TOKYO -- Sompo Japan Nipponkoa Insurance will begin selling insurance-like instruments in June that can help companies cover losses from volcanic activity, including declines in customer traffic for tourism enterprises.
The first policies of this kind will carry an annual option fee of 300,000 yen ($2,735) and guarantee a 10 million yen payout if the Japan Meteorological Agency sets an alert level of 3 -- indicating a volcano should not be approached -- or higher for a particular mountain. The instruments will be sold in units of five or more, primarily to corporate customers.
Companies in the tourism business such as hot spring resorts could use the policies to ameliorate damage to their reputations caused by an eruption -- a kind of volcano insurance. The Sompo Japan Nipponkoa Holdings unit also expects the policies to make it easier for companies to invest in facilities such as factories near volcanoes.
Mount Fuji will be the first volcano for which the policies are offered, with other mountains added later. Sompo Japan has teamed with research institutes to derive the probability of an eruption from records covering the past 1,200 years. The mountain has lain outwardly dormant since its last eruption in 1707, but activity continues beneath the surface. An eruption likely would deal damage to a wide area.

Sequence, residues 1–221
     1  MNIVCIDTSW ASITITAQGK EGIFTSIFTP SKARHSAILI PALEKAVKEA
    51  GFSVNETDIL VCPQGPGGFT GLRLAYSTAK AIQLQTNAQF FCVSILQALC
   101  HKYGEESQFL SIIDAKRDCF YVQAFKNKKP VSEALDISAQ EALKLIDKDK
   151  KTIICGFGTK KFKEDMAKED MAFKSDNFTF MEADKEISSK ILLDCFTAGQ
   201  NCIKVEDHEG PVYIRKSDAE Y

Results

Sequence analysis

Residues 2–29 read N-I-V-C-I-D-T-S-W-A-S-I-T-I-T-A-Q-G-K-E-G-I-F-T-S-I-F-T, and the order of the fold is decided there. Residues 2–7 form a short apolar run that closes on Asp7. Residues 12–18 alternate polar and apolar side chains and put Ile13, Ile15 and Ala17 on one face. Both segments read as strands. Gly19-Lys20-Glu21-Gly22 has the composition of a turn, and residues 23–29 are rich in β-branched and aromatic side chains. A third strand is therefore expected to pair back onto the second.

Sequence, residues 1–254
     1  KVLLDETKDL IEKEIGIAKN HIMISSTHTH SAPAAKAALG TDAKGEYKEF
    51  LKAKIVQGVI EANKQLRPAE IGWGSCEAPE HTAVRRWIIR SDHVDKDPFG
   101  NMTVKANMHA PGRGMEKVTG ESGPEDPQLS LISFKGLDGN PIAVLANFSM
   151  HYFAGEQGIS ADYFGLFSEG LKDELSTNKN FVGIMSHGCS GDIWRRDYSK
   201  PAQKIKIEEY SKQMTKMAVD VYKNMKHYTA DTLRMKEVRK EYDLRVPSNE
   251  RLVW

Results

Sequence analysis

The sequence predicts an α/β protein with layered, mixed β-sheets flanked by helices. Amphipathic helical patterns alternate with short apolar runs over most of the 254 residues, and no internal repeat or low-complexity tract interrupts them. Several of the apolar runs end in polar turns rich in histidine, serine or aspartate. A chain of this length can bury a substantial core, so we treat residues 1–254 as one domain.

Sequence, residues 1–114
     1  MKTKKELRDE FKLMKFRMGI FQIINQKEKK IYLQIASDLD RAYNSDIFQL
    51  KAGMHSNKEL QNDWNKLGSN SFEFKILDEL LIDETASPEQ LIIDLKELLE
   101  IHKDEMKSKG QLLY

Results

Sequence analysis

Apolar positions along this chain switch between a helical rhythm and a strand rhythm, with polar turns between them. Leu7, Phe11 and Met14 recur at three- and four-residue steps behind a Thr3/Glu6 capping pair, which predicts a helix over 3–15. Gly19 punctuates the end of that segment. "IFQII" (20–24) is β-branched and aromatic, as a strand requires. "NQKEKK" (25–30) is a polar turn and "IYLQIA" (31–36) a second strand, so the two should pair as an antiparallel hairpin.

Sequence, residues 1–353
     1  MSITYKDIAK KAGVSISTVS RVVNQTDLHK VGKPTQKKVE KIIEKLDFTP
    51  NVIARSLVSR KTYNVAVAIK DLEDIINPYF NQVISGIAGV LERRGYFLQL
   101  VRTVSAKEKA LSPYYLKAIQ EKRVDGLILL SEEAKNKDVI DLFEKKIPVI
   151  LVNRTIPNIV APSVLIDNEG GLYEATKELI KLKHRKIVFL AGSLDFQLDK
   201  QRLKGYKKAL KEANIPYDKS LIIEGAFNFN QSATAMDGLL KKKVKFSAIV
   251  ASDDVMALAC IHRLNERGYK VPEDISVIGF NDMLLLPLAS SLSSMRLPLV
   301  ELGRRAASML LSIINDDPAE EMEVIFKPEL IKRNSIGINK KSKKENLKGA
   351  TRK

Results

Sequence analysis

Visitor traffic at sites surrounding Mount Ontake, straddling Nagano and Gifu prefectures in central Japan, lingered at half its normal level a year after that volcano's 2014 eruption. A small eruption in 2015 at Kanagawa Prefecture's Mount Hakone, home to a thriving hot spring industry, clouded tourism there as well.
The recent surge in tourism from abroad makes many of Japan's regional economies more dependent on the hospitality industry. Wider use and availability of Sompo Japan's insurance-like instruments could reduce the risk of investing in hotels and other operations and give companies greater choice in where they locate facilities.